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Milwaukee Police respond to an active shooting at the Molson Coors Brewing Co. campus. [Nuccio DiNuzzo/Getty Images]

Mass Shooting

What to Know About the Molson Coors Shooting

The Wisconsin rampage was the deadliest mass shooting in America this year.

At around 2:08 p.m. local time, Milwaukee police responded to a report of gunfire at the Molson Coors Brewing Company in the Miller Valley neighborhood on the city’s west side. Here’s what we know so far:

Six people are dead, including the shooter. The incident marks the worst mass shooting in America this year, and at least the eleventh in Wisconsin since 2004. → Read the Milwaukee Journal Sentinel’s timeline of mass shootings in the state.

Authorities have begun the somber ritual of contacting victims’ families. The city’s police chief said at a press conference last night that the department won’t publicly identify the deceased for another 24 to 48 hours.

The gunman was a long-time employee who worked as an electrician. Officials said the shooter was a 51-year-old male. The Journal Sentinel reported that he used two handguns, one of which was equipped with a silencer. As we’ve reported before, active shooters strike workplaces more than any other location. According to one researcher, the reason boils down to a distinctly American cultural and mental “strain,” which drives gunmen to target places that represent the social systems that they feel have mistreated them.

Molson Coors, formerly MillerCoors, is a Milwaukee institution. The company employs roughly 1,500 people in the city. The facility where the shooting occurred has some 600 workers.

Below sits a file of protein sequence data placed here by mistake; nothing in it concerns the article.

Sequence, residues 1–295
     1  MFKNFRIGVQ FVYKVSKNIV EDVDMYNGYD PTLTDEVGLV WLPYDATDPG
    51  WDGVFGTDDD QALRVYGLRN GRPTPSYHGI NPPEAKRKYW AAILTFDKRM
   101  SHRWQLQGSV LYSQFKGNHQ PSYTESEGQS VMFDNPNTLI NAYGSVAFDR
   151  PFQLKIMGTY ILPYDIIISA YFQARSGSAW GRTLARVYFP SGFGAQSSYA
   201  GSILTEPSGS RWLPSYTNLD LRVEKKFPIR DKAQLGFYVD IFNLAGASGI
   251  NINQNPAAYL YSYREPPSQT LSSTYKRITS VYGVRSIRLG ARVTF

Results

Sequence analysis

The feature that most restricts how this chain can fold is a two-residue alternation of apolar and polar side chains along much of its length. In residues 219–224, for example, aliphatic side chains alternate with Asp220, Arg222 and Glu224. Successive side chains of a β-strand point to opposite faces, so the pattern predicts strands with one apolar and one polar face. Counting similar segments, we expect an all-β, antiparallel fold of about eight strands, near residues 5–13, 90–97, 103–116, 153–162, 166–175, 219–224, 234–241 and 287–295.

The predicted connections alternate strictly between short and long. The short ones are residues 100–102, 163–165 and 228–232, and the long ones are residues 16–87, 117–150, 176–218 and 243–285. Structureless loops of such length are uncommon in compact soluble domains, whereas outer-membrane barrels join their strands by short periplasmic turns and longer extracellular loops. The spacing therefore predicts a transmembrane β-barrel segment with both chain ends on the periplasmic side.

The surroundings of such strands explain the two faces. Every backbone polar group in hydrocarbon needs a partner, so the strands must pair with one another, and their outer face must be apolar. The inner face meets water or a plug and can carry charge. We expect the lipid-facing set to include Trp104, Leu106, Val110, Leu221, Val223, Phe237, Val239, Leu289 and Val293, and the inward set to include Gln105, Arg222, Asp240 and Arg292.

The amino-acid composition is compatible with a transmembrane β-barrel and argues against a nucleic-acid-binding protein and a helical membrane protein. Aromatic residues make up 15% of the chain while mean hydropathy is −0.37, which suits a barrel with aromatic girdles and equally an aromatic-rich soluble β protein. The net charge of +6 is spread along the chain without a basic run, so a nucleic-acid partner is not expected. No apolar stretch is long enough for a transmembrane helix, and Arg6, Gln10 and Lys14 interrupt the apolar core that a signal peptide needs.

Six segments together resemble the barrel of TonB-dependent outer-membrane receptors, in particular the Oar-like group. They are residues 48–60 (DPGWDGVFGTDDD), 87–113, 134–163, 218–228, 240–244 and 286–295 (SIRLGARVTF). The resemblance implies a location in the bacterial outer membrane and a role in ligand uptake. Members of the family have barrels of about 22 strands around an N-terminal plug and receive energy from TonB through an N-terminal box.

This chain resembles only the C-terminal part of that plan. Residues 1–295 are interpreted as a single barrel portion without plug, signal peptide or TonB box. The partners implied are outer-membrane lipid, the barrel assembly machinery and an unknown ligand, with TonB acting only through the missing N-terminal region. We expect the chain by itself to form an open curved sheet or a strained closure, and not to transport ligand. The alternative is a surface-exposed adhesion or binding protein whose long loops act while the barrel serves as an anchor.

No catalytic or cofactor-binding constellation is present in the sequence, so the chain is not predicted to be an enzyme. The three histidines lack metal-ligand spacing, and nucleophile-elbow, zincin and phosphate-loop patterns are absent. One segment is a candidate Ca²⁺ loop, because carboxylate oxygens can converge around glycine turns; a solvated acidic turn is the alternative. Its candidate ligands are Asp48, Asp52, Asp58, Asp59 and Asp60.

Reactions: 

  • “These are people we’ve worked with for years. They’re like family. We spend more time with them than we do at home.” — A machine operator at the brewery 
  • “Thank God, it’s not us.” — A worker at a childcare center down the block
  • “It is a horrible, horrible day for the employees here and it is a rough day for anybody close to this situation.” — Mayor Tom Barrett
  • “Our hearts go out to the families of those whose lives were senselessly taken, all of the folks and workers at Molson Coors, and the Milwaukee community as we grapple with yet another act of gun violence that will have long-lasting consequences for this community and our state.” — Governor Tony Evers

Political context: Governor Evers has pushed — and failed — to tighten the state’s gun laws. In November, he called a special session on a number of stalled bills, including a red flag law and a measure to expand background checks. But state Republicans, who control both chambers, immediately gaveled the session closed and have ignored his agenda. From the Journal Sentinel: “Just hours” before the shooting, the state Senate’s Republican majority leader signaled his caucus’s continued opposition to gun reform measures.

Historical context: In a country that now has sub-categories of mass shootings — at schools, in churches, at bars — this wasn’t the first mass shooting at a beer company: On August 3, 2010, a recently fired employee at a beer distributor in Manchester, Connecticut, shot and killed eight of his co-workers and wounded two others before taking his own life.

Gun violence context: Despite the attention they garner, mass shootings account for fewer than 2 percent of annual gun deaths in the U.S. Over the last year, at least 194 people have been fatally shot in Wisconsin, 118 of them in Milwaukee, according to Gun Violence Archive.